At Rest in Nusa Lembongan
I sense a lazy insolence in the way the locals move about their tasks. I can't tell if it is disinterest or measured conservation of energy. Perhaps the young men leisurely dragging scuba tanks through the waves are simply wishing that they too were out playing in the ocean like the nearby children. Their bodies don't speak of an easy life.
Nusa Lembongan is the first place I've felt at all at ease. It's still full of tourists but at least they are my age and friendly, unlike the crowds of dour Australians in Kuta and the smiling but reticent retirees in Sanur.
Down the beach from where I'm drinking coffee and watching the morning unravel, three kids are playing in the waves on a broken surfboard. Taking turns skimming headlong into an oncoming wave to catapult head over heels into the water. Each wave brings shrieks of laughter from their friends and I regret leaving my camera back in my room a little more. More then anything I think it's the happiness of the children that puts me at ease. I'm glad that we're staying here for a few days.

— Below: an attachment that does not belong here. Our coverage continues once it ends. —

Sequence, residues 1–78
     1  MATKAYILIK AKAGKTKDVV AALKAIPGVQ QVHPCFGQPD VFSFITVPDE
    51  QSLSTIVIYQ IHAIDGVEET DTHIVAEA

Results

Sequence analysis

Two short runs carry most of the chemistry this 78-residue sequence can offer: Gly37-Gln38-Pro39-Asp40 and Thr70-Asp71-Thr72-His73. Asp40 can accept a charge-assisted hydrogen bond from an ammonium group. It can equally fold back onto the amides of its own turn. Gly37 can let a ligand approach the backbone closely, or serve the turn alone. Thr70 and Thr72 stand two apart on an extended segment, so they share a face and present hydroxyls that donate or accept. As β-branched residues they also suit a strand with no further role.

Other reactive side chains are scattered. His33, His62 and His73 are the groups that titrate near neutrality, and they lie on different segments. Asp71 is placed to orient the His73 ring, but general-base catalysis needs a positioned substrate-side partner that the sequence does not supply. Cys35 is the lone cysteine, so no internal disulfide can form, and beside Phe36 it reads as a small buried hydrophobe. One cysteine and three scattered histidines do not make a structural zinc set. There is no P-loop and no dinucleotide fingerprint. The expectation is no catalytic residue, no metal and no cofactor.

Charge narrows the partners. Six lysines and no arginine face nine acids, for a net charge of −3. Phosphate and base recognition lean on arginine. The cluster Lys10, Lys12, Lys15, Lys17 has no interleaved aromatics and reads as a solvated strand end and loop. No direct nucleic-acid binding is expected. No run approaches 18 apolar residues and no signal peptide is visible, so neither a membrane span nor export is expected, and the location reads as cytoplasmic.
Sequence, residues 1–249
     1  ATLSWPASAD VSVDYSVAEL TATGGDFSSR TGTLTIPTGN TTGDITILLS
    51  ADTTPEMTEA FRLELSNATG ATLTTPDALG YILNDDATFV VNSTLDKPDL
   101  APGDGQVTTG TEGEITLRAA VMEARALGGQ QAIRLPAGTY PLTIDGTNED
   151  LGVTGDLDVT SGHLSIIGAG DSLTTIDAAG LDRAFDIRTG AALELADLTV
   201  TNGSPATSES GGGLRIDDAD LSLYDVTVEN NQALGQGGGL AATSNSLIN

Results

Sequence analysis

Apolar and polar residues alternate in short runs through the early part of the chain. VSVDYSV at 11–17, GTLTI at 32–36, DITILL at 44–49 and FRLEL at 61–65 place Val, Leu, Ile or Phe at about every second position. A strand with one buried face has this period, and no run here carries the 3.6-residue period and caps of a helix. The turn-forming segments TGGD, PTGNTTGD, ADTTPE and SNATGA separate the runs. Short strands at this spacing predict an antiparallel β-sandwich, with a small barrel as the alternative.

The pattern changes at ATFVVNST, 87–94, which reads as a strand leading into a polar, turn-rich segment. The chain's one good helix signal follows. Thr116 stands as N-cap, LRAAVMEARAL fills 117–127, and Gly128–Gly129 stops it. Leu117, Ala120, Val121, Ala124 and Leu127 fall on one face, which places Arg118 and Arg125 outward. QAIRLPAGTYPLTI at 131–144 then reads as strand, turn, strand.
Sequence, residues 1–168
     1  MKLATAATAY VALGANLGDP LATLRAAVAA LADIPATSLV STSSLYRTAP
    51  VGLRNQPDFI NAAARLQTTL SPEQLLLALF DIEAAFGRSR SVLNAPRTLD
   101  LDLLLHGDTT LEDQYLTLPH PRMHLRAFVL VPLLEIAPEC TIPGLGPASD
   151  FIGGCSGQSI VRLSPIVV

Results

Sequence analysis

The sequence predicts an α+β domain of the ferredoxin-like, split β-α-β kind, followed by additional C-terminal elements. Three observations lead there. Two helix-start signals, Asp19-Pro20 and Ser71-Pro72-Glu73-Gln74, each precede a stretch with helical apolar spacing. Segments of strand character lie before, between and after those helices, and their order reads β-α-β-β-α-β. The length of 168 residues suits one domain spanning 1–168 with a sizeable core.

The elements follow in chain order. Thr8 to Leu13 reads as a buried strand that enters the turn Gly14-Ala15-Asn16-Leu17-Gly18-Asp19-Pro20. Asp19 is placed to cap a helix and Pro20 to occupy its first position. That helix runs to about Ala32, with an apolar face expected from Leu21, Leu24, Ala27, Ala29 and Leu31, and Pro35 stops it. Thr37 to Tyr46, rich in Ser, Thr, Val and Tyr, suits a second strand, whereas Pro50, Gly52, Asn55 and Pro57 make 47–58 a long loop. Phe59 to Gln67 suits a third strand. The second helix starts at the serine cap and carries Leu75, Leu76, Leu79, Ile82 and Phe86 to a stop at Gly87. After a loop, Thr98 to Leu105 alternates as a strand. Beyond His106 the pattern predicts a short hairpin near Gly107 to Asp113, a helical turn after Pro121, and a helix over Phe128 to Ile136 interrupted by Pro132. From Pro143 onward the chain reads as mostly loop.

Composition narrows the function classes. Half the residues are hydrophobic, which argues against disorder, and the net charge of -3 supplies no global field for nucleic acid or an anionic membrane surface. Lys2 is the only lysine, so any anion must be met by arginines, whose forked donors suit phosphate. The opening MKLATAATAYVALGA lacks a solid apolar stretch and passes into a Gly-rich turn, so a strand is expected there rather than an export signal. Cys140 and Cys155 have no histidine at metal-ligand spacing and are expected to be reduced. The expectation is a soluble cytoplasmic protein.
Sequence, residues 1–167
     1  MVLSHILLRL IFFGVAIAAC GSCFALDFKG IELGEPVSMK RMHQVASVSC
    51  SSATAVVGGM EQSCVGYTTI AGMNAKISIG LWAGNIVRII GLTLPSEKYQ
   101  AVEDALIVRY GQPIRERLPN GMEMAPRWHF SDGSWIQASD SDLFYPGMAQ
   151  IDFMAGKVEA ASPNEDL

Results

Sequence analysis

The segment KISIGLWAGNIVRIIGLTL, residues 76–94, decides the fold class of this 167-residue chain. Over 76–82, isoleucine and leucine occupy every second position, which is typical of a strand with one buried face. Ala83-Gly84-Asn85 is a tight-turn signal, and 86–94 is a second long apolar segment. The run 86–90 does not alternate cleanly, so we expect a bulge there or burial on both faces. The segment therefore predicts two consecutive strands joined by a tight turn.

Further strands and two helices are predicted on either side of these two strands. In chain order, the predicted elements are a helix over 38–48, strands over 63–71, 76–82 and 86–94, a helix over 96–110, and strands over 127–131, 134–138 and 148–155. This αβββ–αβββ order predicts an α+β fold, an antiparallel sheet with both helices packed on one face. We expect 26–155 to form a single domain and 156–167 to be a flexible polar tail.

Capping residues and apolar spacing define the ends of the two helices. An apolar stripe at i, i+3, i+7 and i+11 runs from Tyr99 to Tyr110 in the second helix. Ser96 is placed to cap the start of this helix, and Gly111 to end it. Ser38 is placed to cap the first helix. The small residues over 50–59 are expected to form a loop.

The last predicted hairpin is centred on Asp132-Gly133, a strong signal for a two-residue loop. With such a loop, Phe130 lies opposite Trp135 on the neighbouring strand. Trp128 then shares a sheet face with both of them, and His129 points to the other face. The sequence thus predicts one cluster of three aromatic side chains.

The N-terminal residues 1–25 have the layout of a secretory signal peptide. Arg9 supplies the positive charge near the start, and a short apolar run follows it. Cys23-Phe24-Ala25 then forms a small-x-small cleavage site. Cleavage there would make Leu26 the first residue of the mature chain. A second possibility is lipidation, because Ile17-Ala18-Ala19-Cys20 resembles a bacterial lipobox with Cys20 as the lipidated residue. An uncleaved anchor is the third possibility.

Across from me, two men have been sitting in a boat named Chilli for the last hour. They are waiting for something, but I'm not clear what. Perhaps a diving tour? A couple of boats down a young European woman is being given a scuba lesson by her boyfriend. Periodically they disappear only to resurface a few minutes later behind a different boat.
I'm fascinated by the little differences. We haven't been slumming it, every guesthouse has had the full range of modern conveniences, but with caveats. At one the shower points at my navel and water sprays wildly from the tap. We think the next doesn't have hot water until we realise it simply takes the duration of a shower for it to warm up. Many are just a combined "wet room" in which the shower, toilet and sink all cohabit in a tangle of pipes and levers. Some provide soap, some towels, none have bathmats and most are slowly disintegrating. I like the differences, each reflecting the biases of the owner and towns we're staying in.
This is the morning of the eighth day of my trip and while I'm settling into the pace and realities, already the doubt is creeping in. Why I'm doing this? Am I running away? I feel just as out of place amongst the hard-bodied locals and touring surfers as I always have. What do I want from this trip? Am I chasing a childhood dream?